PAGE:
Primary vs. Secondary Violence Exposure and Mental Health Outcomes in Youth Who Engage in Sexually Abusive Behaviors

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According to the U.S Department of Health and Human services, each year approximately 826,000 children were the victims of abuse, and/ or neglect, which does not include other types of victimization like parental substance abuse and domestic violence within the home. Primary violence exposure (e.g., physical and sexual abuse) in childhood can result in anxiety, depression, and difficulty forming attachments. Secondary violence exposure (e.g., neglect, parental substance abuse, and domestic violence) can cause chronic stress in children and negatively impact physical, cognitive, and emotional growth. Unfortunately, examining the impact of primary and secondary victimization is complicated by the interrelatedness. This current study aims to examine the unique impact of primary and secondary violence on mental health outcomes in a sample of youths receiving residential sex offender treatment. We hypothesize that primary violence exposure will be highly associated with the number of mental health diagnoses, and use of psychotropic medications, while controlling for the impact of 2017 Appalachian Student Research Forum Page 177 secondary exposure. The sample includes male adolescents (N=245: 84.1% Caucasian) who have engaged in sexually abusive behaviors and received residential treatment. Data were collected from archival records. Participants' mean age is 14.77 (SD=14.77) at time of first admission in the facility. Additionally, participants seeking mental health treatment were, on average, 10.22 years of age (SD= 4.187) at the time of first mental health diagnosis. Variables include exposure to physical or sexual abuse, experience of neglect, the presence of domestic violence and substance abuse in the home of origin, the types of mental health diagnosis, use of psychotropic medications, and the age of onset of earliest diagnosis. First, we used partial correlations to find associations between type of violence exposure and mental health diagnoses, age of first diagnosis, and use of psychotropic medications, while extracting the influence of the alternate type of exposure. Correlations between primary violence exposure and diagnoses of mental health concerns, yielded significant associations between primary exposure and mood disorder (r=.133, p=.041) diagnoses. Also, a significant association was found between primary exposure and anxiety/trauma- related disorders (r=.160, p=. 013). Significant associations were found for both mood disorder (r=.162, p=.012) and behavioral disorder (r=.212, p=.001). Age of onset of first mental health diagnosis was not significantly correlated with primary violence exposure or secondary violence exposure. While partialing out secondary violence exposure, primary violence was associated with use of mood stabilizers (r=.127, p=.05) and antipsychotic medications (r=.146, p=.024). Secondary violence exposure was exclusively related to use of any psychotropic drugs (r=.127, p=.004), mood stabilizers or antidepressants (r=.127, p=.05), and antipsychotic medications (r=.180, p=.05). Chi-square analyses will be conducted to further differentiate these outcomes following primary and secondary violence exposure.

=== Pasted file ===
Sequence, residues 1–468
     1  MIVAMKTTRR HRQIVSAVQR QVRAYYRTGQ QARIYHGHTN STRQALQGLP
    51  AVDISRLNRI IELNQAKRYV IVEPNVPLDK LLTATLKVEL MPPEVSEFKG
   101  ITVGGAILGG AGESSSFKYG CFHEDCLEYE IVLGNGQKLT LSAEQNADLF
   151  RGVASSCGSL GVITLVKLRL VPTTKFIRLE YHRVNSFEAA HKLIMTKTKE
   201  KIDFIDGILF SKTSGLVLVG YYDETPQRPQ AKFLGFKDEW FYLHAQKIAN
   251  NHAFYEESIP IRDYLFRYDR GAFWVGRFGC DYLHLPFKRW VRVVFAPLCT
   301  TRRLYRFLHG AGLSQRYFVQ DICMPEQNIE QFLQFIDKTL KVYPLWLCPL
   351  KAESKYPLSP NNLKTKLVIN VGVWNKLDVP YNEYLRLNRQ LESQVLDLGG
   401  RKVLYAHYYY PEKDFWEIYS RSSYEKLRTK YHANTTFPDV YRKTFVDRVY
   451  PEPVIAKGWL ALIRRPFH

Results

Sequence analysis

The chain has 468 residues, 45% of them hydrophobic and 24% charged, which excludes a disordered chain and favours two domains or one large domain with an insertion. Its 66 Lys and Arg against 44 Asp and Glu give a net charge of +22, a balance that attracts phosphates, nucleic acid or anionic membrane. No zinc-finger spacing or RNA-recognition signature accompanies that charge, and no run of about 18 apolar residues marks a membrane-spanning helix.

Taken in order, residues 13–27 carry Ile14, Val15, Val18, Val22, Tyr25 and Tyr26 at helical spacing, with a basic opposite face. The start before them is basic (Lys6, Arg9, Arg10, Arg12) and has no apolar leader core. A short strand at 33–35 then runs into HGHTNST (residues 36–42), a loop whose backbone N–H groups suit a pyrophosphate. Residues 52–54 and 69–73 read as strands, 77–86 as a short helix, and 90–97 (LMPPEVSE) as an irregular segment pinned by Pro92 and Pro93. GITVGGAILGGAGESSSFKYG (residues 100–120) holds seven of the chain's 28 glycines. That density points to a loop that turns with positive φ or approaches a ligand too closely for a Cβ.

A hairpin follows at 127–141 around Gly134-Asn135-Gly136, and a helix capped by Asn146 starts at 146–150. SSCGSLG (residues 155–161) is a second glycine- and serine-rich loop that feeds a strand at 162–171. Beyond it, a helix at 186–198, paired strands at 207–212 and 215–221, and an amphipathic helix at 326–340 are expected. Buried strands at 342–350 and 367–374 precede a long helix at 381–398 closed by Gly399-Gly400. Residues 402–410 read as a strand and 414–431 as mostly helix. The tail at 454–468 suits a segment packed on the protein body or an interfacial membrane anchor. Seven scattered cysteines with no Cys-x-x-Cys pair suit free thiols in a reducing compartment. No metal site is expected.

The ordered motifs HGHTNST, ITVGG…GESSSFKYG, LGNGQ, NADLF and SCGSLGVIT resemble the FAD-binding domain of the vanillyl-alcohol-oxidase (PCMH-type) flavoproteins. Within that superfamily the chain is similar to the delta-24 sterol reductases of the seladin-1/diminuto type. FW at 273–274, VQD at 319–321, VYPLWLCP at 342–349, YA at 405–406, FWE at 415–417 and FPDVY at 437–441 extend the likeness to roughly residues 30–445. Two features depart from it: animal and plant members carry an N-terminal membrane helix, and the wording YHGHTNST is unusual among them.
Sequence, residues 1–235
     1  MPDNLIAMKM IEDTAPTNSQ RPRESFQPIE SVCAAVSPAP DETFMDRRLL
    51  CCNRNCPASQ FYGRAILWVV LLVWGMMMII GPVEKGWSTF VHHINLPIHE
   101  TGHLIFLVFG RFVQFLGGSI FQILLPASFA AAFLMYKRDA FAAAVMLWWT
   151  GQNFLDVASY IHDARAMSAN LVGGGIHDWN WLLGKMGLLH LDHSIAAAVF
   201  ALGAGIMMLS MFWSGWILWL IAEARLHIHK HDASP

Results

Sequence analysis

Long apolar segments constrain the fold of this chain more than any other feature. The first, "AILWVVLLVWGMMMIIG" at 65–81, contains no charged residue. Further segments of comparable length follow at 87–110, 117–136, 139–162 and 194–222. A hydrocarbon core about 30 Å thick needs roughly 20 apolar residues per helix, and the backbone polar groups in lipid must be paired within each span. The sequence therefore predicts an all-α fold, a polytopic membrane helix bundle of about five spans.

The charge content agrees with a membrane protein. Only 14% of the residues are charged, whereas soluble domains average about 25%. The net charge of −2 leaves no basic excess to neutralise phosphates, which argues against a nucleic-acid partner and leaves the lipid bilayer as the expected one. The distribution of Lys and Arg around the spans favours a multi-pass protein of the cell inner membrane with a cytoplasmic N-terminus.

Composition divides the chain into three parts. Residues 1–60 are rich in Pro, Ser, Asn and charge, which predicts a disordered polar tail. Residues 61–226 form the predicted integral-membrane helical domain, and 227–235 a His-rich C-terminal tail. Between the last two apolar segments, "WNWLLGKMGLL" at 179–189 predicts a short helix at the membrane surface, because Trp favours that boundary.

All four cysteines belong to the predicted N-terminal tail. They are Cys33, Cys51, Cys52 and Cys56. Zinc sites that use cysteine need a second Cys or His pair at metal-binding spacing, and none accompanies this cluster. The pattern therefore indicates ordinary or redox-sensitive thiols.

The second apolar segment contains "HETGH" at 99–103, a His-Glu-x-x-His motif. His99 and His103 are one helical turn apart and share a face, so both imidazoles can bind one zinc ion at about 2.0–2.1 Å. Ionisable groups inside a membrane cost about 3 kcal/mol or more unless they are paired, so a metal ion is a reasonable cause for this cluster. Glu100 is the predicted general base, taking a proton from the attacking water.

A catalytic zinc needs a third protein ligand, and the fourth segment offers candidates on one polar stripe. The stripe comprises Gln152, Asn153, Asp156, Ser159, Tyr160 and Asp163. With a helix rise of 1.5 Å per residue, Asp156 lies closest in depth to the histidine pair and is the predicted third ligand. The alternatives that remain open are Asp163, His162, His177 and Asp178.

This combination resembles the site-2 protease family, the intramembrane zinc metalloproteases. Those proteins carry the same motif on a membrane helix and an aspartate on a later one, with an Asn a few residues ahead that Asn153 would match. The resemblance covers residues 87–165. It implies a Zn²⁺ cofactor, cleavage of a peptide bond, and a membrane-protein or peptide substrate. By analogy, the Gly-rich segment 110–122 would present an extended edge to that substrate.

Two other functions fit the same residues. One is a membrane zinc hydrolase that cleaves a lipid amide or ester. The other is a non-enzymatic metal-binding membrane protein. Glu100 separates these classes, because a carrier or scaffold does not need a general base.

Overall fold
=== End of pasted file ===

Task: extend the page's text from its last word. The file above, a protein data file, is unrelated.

Johnson City, TN

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